Bisexual women face increased risk of heart disease, worrying study finds

Kinsey Scale bisexual

A study by the Columbia University School of Nursing has found that bisexual women are twice as likely to have unhealthy hearts when compared with heterosexual women.

The US-based research found that rising cardiovascular issues within LGBTQ+ people could be down to them simply facing more stress in their day-to-day lives.

“Sexual minority “(SM) men and women, according to the survey, are more likely to be smokers, while SM women are also more likely to be obese and suffer from diabetes.

Staff at the prestigious New York-based university used the American Heart Association’s (AHA) cardiovascular health score (CVH), to measure heart risk on a scale of one to 100. The higher the score, the better someone’s heart health.

In the survey of 12,180 adults, although bisexual women were less likely to rank well on the heart-health chart than their heterosexual counterparts, gay men had a higher score than straight men.

Alarmingly, the survey results found that bisexual women were the most likely to live in poverty and delay necessary health care due to the financial costs. Bi women were also found to have a harder time finding a health-care provider.

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Following the results, researchers have said more needs to be done to improve cardiovascular health in SM groups.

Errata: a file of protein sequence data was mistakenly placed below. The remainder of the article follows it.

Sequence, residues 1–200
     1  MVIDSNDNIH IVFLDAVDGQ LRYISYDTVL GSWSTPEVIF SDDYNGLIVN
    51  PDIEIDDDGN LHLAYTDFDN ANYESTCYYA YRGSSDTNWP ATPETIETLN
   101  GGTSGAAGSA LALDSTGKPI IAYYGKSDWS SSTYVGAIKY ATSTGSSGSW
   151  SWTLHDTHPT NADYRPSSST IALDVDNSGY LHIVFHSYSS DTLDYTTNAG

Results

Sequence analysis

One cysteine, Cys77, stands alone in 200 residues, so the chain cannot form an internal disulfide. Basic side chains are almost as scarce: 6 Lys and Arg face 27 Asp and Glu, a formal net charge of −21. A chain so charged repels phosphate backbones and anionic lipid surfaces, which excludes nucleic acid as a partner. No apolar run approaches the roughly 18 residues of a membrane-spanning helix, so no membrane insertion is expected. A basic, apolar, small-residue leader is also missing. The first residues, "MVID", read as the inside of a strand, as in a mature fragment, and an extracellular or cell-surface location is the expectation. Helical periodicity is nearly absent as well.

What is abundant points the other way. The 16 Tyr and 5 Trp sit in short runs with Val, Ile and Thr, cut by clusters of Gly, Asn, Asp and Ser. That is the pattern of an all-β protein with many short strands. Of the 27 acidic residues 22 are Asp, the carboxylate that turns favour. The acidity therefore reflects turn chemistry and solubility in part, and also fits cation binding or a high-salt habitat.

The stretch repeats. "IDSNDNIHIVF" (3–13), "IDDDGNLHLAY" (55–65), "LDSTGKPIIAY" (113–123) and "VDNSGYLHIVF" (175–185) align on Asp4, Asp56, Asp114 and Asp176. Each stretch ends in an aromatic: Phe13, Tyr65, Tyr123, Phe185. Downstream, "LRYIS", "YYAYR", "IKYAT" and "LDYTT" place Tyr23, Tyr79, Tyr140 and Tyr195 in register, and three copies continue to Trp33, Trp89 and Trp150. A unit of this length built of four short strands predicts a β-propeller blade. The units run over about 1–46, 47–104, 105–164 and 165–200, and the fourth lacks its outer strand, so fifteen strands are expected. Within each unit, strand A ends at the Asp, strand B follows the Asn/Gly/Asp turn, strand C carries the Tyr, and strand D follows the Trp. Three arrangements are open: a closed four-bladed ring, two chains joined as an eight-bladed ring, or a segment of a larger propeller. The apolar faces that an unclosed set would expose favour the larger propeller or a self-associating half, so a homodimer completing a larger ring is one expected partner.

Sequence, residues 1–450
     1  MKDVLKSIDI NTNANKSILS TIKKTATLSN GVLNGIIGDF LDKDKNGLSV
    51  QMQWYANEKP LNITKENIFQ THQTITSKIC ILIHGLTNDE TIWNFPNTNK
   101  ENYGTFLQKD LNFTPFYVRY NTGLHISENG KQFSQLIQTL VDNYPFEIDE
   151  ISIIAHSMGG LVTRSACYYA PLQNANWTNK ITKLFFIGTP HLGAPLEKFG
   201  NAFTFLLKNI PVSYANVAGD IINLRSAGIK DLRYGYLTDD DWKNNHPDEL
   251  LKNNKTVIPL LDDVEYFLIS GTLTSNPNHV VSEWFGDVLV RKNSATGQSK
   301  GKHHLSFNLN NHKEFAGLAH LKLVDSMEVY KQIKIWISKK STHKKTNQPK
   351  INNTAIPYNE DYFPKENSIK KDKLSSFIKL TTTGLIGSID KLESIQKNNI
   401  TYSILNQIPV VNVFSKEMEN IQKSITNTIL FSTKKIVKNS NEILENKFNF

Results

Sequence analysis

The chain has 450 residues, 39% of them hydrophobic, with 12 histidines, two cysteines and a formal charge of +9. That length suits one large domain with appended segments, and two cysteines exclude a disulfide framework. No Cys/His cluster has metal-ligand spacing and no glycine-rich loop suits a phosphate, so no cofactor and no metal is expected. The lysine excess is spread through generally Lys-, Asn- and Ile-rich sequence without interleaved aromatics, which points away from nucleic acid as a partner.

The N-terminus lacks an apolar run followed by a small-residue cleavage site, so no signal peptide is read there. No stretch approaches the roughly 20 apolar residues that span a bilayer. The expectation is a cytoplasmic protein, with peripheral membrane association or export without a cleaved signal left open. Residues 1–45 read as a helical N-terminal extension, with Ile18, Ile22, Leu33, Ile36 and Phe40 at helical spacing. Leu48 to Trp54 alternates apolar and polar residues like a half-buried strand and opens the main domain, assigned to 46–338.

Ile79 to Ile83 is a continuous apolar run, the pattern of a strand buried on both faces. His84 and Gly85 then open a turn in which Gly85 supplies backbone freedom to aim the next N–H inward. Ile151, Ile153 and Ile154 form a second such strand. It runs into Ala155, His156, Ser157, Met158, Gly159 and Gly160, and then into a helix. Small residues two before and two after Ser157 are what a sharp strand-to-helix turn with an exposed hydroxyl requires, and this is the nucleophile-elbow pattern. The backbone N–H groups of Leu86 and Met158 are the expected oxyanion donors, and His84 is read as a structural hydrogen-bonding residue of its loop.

“There is a need for tailored interventions to improve the CVH of SM individuals, particularly bisexual women,” they said.

“Investigators should conduct research that examines social determinants that may explain the sexual-identity differences observed in this study.”

LGBTQ+ people under stress for being themselves

There are constant attacks on LGBTQ+ people all over the world, leaving members of the community scared for their safety and facing pressure heterosexual people are free from.

US lawmakers have already put forward more than 100 bills this year that target the LGBTQ+ community.

The bills, across various states, include potential legislation limiting gender-affirming health care for minors, and attempts to restrict audiences at drag performances. Texas leads the way with 36 anti-LGBTQ+ bills. Missouri is next with 26, followed by North Dakota with eight and Oklahoma with six.

PinkNews reported a number of attacks at drag shows across the US last year after a wave of vitriol was seen across social media and on TV networks.

Only three states in the country – South Dakota, Rhode Island, and West Virginia – have recorded no attacks, although, as GLAAD states, unreported incidents could have occurred.